Coming together for NAIDOC Awards

AWARDED: Pangula Mannamurna Aboriginal Corporation NAIDOC Award winners. (Sophie Conlon: 418045)

Sophie Conlon

Nine people and one group have been recognised in the Pangula Mannamurna Aboriginal Corporation NAIDOC Awards which recognise and celebrate the outstanding contributions and excellence of Aboriginal and Torres Strait Islander peoples.

NAIDOC Week was heralded in in Mount Gambier/ Berrin with a community celebration on Monday, July 8.

Hundreds of people gathered at Cave Gardens/ Thugi for a smoking ceremony, mayoral reception and flag raising ceremony before marching down Commercial Street to Pangula Mannamurna for the awards presentation and lunch.

Danni Smith was presented the person award for consistently demonstrating exceptional support and dedication to First Nation people in her community.

The lifetime achievement award went to Kathy Beck for her work in education and supporting First Nations students and their families.

Aunty Dawn Cardona was presented Female Elder of the Year for her longstanding commitment to cultural knowledge.

Male Elder of the Year was awarded to Uncle Lenny Gollan for his courage in truth telling during the Voice to Parliament referendum.

Scarlett Bilney was awarded the sportsperson award for her passion for netball, showing leadership and commitment in the Amazon Netball team and SE Nations Netball Team.

Denzel Carter was presented the youth award for growing into a leader for his peers.

The creative talent award was given to Trae Richardson for his work in promoting Indigenous artist on local radio.

The caring for Country and culture award was presented to Fiona Dargin for sharing her traditional knowledge of the local ecosystem, ensuring it is maintained into the future.

Amie Brant was presented the education award for her devotion to her midwifery studies and working to change the traditional First Nations birth journey.

The innovation award was presented to SE Nations Netball organisers, who created the group after noticing a gap in the market.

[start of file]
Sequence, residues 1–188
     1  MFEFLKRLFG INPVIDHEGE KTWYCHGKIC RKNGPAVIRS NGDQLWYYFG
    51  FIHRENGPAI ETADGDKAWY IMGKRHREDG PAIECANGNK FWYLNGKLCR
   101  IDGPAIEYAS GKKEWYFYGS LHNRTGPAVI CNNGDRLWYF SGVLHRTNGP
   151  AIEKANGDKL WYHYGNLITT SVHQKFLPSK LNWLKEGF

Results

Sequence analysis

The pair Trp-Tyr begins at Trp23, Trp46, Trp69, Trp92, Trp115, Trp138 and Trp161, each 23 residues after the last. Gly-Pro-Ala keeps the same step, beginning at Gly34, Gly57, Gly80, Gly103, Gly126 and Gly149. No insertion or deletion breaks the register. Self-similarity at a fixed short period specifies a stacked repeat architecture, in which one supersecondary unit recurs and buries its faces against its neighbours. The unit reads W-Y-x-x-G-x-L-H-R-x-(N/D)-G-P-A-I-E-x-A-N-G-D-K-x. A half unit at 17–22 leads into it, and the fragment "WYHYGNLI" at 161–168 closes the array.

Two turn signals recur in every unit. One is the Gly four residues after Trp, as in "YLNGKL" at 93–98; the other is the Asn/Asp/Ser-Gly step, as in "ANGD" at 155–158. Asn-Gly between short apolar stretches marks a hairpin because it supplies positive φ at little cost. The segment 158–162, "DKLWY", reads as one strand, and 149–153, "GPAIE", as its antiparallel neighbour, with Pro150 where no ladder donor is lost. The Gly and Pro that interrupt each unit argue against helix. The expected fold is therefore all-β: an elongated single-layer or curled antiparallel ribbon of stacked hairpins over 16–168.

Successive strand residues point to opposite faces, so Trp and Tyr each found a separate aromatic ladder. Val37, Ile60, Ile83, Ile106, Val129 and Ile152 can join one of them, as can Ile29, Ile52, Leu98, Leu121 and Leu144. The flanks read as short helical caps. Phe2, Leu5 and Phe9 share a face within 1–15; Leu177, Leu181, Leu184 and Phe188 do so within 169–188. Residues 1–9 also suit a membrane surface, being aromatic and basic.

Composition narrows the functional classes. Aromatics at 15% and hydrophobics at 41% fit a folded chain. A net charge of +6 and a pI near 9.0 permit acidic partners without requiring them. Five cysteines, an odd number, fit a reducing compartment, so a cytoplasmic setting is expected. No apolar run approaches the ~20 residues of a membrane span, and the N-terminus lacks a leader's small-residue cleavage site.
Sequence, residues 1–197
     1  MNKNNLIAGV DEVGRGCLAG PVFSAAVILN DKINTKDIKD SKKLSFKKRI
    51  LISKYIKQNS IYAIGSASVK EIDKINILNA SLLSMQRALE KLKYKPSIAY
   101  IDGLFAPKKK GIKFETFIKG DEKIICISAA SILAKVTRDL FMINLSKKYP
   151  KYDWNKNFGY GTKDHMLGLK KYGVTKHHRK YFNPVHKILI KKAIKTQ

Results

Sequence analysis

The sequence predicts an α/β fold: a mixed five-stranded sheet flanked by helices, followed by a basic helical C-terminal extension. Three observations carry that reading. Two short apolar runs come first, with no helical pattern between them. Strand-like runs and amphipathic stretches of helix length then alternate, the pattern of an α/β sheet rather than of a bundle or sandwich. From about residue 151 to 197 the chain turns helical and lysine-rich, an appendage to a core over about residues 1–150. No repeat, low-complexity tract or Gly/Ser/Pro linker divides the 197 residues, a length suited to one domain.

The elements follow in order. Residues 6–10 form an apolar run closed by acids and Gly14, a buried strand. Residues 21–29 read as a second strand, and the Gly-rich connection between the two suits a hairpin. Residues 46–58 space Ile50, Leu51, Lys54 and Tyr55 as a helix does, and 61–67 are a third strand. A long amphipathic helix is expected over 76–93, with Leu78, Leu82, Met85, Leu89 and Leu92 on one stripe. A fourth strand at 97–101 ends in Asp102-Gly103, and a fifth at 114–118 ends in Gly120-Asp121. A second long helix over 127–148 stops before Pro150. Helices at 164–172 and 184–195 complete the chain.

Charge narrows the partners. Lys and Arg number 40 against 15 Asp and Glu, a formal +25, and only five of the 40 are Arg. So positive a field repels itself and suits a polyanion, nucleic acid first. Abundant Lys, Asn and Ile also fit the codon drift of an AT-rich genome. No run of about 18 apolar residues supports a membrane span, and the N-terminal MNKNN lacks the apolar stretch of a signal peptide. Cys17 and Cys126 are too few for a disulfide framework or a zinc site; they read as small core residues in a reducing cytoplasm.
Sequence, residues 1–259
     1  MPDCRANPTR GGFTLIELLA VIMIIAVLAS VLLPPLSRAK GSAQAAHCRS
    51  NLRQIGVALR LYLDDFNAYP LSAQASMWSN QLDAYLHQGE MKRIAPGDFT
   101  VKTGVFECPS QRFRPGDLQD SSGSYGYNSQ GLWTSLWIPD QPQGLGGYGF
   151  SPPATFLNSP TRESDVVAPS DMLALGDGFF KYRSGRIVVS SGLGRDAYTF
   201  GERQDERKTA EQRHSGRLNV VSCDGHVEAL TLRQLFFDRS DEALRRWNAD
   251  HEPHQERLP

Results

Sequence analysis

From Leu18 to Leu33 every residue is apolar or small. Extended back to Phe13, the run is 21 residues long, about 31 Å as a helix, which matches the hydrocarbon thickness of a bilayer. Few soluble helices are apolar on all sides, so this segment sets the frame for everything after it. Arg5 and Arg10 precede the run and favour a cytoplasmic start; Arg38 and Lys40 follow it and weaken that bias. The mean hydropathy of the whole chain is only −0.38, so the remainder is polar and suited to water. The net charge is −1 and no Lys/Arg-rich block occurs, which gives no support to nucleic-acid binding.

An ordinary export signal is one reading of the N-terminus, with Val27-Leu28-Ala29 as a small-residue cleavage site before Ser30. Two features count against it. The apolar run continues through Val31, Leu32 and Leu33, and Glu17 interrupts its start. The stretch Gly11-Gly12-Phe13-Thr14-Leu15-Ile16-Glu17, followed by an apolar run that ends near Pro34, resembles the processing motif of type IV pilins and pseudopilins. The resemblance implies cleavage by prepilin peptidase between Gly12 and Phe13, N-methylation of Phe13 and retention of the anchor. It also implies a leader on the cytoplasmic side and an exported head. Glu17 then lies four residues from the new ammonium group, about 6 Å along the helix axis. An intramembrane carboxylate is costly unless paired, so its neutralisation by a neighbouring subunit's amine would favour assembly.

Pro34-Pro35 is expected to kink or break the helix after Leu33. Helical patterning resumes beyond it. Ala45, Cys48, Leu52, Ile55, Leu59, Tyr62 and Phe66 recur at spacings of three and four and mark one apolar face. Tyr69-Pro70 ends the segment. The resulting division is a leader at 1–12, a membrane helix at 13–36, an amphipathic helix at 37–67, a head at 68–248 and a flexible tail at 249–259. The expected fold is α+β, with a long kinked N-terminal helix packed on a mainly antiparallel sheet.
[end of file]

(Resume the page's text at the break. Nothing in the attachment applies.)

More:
Mr Richardson said it was overwhelming to win the creative talent award.

“I didn’t expect to be nominated for my radio show, but I appreciate whoever nominated me and helped me get this award,” he said.

He said on his program, the Nunga Radio Show, he interviewed Aboriginal artists, highlighted their music and just had a lot of fun.

The program was one that had been around for a while, but was struggling for presenters when Mr Richardson came on board.

“I don’t really know how to put in words. It’s very exciting,” he said.

Mr Richardson encouraged people to call into his show, which aired Sundays between 6.30 and 8.30pm, to have a yarn or request a song.

“Stay Blak, Loud, and Proud,” he said.

Ms Brant said she was shocked to win the education award.

“It wasn’t expecting it, I’m not sure if I’m more deserving than anyone else, but it’s a privilege,” she said.

She said she was inspired to become a midwife after being there when her sister was in labour, but was never sure it would happen.

“Then I started at UniSA with the Aboriginal Pathway Program, got a GPA to do my nursing, I did nursing first and then have gone into midwifery,” she said.

From being unsure if it would ever happen, Ms Brant was only one placement away from graduating.

While being overwhelmed with the award, Ms Brant said NAIDOC Week was about “recognising Aboriginal Torres Strait Islander people, celebrating our differences, our uniqueness and coming together as one”.